Tyco Miracle Furniture Build-Out by Tom Bishop: “The Evans software program for designing wall and window facing is outstanding. I took the ho-hum Tyco Miracle Furniture kit and transformed it into a 7 story building.”

 

Two Story House by Tom Bishop: “Everything you see (except the scenery) was printed on the computer: roof, awnings, brick patio, windows.”

 

 

 

Empire Builder Series:

A Road of Your Own by Jeff Junker: “Philip Alberado grew up in the rolling hill country outside of Nacodoches, Lousiana. Like a lot of youngsters he had a model railroad in the house. After junior high, the railroad was stored in the attic, replaced with other interests. Twenty- five years later, his father stumbled across the relic and asked him what to do with it.”

 

Creating Reality From Fiction by Patrick Harris: “If all of your equipment is time/setting appropriate, operations realistic and properly executed, then you are very definitely a protolancer—and just a whisker away from being a prototype modeler.”

 

Designing a Rail Empire by Jeff Junker: “Creating a conceptual plan for designing your own rail empire requires a lot of thought. You wind up constantly talking to yourself, saying things like “would my imaginary road could exist in the real world. What is the catalyst that sparks your fiction to the realm of reality?”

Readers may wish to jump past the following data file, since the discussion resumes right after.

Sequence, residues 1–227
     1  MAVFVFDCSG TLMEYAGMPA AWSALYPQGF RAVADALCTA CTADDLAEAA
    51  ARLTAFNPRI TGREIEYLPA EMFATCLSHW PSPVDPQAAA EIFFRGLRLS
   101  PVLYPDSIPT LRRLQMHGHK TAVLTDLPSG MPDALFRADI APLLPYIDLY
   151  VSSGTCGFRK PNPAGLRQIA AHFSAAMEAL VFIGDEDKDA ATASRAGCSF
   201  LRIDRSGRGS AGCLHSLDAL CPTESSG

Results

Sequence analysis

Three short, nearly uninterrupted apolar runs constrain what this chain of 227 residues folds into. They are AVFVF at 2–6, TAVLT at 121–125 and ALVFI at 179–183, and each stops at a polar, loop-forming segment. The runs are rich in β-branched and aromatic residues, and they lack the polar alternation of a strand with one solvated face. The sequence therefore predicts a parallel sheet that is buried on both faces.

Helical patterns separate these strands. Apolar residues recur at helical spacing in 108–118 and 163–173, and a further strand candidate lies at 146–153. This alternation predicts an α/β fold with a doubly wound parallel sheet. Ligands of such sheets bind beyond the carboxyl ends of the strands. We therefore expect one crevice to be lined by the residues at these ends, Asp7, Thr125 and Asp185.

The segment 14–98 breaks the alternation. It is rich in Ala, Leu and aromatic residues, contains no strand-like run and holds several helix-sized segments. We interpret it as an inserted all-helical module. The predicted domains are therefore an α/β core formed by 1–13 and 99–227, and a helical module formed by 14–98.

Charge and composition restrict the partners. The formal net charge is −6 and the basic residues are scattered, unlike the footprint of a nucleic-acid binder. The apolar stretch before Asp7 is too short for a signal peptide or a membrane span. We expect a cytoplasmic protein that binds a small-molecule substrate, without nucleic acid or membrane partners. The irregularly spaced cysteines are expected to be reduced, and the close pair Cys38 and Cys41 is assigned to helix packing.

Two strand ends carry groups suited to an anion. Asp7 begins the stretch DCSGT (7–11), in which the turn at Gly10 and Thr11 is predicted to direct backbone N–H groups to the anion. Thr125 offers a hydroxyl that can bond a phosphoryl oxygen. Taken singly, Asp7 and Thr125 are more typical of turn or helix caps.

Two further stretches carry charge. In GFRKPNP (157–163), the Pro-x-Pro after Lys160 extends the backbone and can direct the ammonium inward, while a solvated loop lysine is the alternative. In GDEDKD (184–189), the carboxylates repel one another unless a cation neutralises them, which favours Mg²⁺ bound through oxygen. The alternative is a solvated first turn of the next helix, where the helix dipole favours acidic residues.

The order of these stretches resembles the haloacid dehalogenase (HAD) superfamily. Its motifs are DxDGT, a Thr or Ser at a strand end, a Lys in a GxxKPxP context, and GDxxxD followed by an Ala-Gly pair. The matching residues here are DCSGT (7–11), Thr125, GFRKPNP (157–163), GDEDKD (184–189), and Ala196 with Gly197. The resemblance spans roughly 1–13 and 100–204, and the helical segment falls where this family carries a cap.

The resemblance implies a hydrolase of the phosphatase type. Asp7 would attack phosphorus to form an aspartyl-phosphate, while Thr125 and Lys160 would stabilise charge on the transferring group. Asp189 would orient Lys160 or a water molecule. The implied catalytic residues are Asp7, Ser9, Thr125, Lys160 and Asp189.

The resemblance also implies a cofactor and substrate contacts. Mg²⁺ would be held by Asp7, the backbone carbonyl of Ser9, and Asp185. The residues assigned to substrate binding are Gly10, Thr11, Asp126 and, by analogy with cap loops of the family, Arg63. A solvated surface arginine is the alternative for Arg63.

Trains

Mixing Covered Hoppers by Patrick Harris: “Much like a recipe, recreating a realistic train depends on the right mix. I have shot thousands of photos of rolling stock, and after a while one gets a feel for when a train looks “right”—that rightness being dependent on the time, place and road being observed, of course.”

 

Painting the Pine Valley by Ryan Harris: “The colors needed to reflect the region my railroad serves. The Northeastern extent of the railroad traverses the San Juan Mountains in Colorado and climbs to within an arm’s reach of the Continental Divide, while the Southwestern end of the railroad crosses the brilliant desert of Western New Mexico.”

 

Railfan Terminology by Patrick Harris: “A friend of mine asked me the difference between a “mainline and a short line”. I could see the confusion, and sought to clarify, so I sat down and jotted some observations from years of railfanning. The crux of the point is that terms for describing “who” a railroad is sometimes sound like a description of what its various parts are.”

 

Ride the Crescent Lines by Mike Mule and Jeff Junker: “The Crescent Lines Railroad views itself as part of a larger transportation system; its goal is to transport goods across the country, in a mostly north to south direction. This is reflected in how an operating session is run.”